“It’s all stored, waiting for that not-so-rainy day,” McJunkin said.

One-acre foot is 325,851 gallons of water, about enough to flood a football field without end zones to a depth of one foot.McJunkin estimates it would serve two to threeArizona families a year.

The Salt River bed’s expanse of dry sand and scrubby plants obscures the second-largest artificially recharged aquifer in Arizona.

About 700,000 acre-feet of water is stored in the SRP’s Granite Reef Underground Storage Project. Water from the Central Arizona Project, the Salt and Verde rivers and a Mesa wastewater-treatment facility is channeled to basins in the riverbed. From there, water soaks into the ground and replenishes the aquifer.

“The best way to think of it is if you had a cup of sand and poured water into it,” McJunkin said. “The water fills up the pore space in between.”

Other agencies, such as the Arizona Water Banking Authority, also buy and bank water for future use.

The groundwater reserves are similar to the state’s rainy-day monetary fund, but once those aquifers are depleted, it takes years to replenish them.

Arizona can’t depend on groundwater forever, White said.

“The solutions of the last 100 years are not the solutions of the next 100 years.”

Even those who have built their career studying water, like Arizona Municipal Water Users Association Executive Director Kathleen Ferris, understand how people tire of hearing about a distant water crisis.

“In water, you don’t plan for the future by saying, ‘OK we’ve got to do this tomorrow,’ ” Ferris said. “You plan for the future by saying, ‘OK, in 20 years, you’ve got to have done x, y and z’. … It’s hard to keep people’s interest in that period of time.”

Possible solutions to meeting Arizona’s future water needs include:

• Desalination of sea water, which requires large financial investment and collaboration between government agencies and possibly Mexico.

• Rebates for water-efficient systems. Tucson offers up to $1,000 for households that install gray-water recycling systems to reuse water from sinks, showers and washing machinesfor irrigation.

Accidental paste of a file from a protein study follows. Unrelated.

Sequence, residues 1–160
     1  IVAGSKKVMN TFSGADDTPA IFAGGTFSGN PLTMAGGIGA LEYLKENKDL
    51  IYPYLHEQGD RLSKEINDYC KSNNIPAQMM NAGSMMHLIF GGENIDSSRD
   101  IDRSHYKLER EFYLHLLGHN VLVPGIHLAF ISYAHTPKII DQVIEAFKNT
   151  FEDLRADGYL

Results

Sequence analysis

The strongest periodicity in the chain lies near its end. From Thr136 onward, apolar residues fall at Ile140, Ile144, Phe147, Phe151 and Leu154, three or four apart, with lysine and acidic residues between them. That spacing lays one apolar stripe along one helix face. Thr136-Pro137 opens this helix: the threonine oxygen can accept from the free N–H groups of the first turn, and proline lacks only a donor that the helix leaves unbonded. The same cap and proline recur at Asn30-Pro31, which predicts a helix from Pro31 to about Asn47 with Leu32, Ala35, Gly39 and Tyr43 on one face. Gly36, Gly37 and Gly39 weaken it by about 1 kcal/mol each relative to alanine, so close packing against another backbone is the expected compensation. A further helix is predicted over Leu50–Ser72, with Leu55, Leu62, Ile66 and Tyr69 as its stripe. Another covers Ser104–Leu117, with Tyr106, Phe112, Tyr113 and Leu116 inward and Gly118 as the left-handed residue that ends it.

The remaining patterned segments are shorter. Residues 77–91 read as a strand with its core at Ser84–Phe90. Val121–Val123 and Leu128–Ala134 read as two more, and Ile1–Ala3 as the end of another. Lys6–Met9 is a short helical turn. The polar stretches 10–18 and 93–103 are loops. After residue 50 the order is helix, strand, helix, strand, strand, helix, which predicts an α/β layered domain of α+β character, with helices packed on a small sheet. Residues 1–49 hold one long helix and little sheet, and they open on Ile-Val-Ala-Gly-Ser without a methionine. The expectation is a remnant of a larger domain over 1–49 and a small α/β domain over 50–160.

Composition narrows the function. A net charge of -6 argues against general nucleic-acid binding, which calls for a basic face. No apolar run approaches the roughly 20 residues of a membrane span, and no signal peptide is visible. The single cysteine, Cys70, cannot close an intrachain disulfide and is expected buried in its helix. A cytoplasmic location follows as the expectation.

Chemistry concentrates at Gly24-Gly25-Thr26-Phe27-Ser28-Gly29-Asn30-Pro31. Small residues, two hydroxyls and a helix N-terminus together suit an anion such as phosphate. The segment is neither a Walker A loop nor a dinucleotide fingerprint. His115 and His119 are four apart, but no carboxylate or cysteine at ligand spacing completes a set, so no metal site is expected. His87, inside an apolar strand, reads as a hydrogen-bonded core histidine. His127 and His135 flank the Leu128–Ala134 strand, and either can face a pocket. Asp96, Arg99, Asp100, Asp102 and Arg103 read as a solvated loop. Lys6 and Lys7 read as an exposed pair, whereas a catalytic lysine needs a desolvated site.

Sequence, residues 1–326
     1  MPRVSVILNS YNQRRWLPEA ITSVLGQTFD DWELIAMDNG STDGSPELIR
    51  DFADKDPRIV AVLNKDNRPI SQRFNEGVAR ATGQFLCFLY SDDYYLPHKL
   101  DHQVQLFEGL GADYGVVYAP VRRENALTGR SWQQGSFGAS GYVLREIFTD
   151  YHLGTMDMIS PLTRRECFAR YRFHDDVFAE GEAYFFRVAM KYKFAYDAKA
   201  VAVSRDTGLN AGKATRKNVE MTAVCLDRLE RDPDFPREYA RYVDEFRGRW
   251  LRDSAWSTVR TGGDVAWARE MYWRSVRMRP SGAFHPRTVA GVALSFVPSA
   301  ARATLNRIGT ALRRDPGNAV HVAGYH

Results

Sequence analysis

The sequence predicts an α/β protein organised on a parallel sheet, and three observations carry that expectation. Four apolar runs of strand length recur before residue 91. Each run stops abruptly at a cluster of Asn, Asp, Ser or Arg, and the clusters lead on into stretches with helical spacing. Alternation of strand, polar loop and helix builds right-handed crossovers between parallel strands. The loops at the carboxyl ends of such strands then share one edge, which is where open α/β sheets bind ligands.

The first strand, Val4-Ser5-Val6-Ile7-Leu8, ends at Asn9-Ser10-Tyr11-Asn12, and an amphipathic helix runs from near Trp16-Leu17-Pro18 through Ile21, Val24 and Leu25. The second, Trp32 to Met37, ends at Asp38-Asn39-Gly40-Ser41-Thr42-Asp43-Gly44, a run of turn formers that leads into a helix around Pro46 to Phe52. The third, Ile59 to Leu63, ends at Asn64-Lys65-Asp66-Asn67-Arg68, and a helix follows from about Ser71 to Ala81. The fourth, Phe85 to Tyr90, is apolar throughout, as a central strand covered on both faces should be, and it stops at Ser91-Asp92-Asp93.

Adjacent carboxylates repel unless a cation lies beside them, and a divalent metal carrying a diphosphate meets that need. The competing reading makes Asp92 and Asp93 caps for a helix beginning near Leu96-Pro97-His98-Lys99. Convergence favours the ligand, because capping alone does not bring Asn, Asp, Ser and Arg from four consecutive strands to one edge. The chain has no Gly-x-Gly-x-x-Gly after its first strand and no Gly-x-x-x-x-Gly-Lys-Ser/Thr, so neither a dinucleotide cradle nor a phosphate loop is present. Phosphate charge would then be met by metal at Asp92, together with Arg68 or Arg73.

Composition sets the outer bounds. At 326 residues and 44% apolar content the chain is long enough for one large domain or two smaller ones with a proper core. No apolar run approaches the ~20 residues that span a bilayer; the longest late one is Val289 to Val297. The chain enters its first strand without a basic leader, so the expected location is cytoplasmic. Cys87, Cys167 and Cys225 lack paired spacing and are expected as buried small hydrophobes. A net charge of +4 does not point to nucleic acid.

• Increasing the use of recycled or reclaimed water. Arizona already uses this water to irrigate landscaping and recharge aquifers, but not as drinking water.

• Cloud seeding. The Central Arizona Project has spent nearly $800,000 to blast silver iodide into clouds to try to increase snowfall in Colorado, Utah and Wyoming, where the snowpack feeds the Colorado River.

Studies suggest part of the problem is that environmental issues don’t inspire emotional reactions like fear and worry, which tend to spur people to change their actions. Marketing executive Park Howell hasfound this to be true as a general rule.

“You have to make it personal,” Howell said. “You have to make it immediate to get urgency to change behavior. What about water is personal and immediate?”

His agency, ParkCo, helped create the campaign “Water — Use it Wisely,” which has been spreading water awareness since 1999. One of the most identifiable facets of the campaign is its suggestions of “water-saving devices.” Like a push broom — instead of a water-costly hose — for cleaning a driveway.

What started as a campaign in a few Arizona municipalities spread to more than 400 groups, Howell said. The message has appeared on everything from home-improvement products to airport signs and water bills. Still, water conservation is not a silver-bullet solution. Alone, it will not guarantee a secure water future for Arizona.

“It’s really important not to get too fixated, I think, on (the idea) one sector’s water use can solve our imbalances,” Ferris said. “Conservation is just a small part of the overall strategy.”

Arizona doesn’t have long to secure water for the next generation. The New Arizona Prize seeks to reward those with the best ideas to educate Arizonans about the challenges.

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Edible landscapes: Growing a yard you can eat

Local green thumbs and budding gardeners gathered recently to hear author Michael Judd discuss best practices for landscapes that are pleasing to the eye, as well as the taste buds.

Judd, who discussed his book, “Edible Landscaping with a Permaculture Twist,” came to Charlottesville for a program sponsored by the Piedmont Environmental Council and the Journey Through Hallowed Ground.

“It’s human design ecology,” Judd said of edible landscapes. “We want to create something that, when we design it and create it, will continue to thrive on its own.”

Judd’s presentation to a small audience at CitySpace covered the design process, material identification and costs for simple self-build projects. Representatives from C’ville Foodscapes, the Urban Agriculture Collective of Charlottesville and Charlottesville Area Tree Stewards also shared exhibits with the audience.

Judd has lived and worked in a variety of landscapes all over the world, including England, Latin America, Spain and Mexico. He said he took what he learned about growing patterns in the tropics and translated it for suburban living.

“My passion for edible landscapes was put on a fast track from living in the tropics, because … in the tropics, everything grows really fast,” Judd said during his talk.

Judd’s book provides information and how-to’s for “food forests,” raised-bed gardens, earthen ovens, uncommon fruits, outdoor mushroom cultivation and more. With several years of experience and business knowledge, he said his goal is to share his techniques with gardeners at all stages.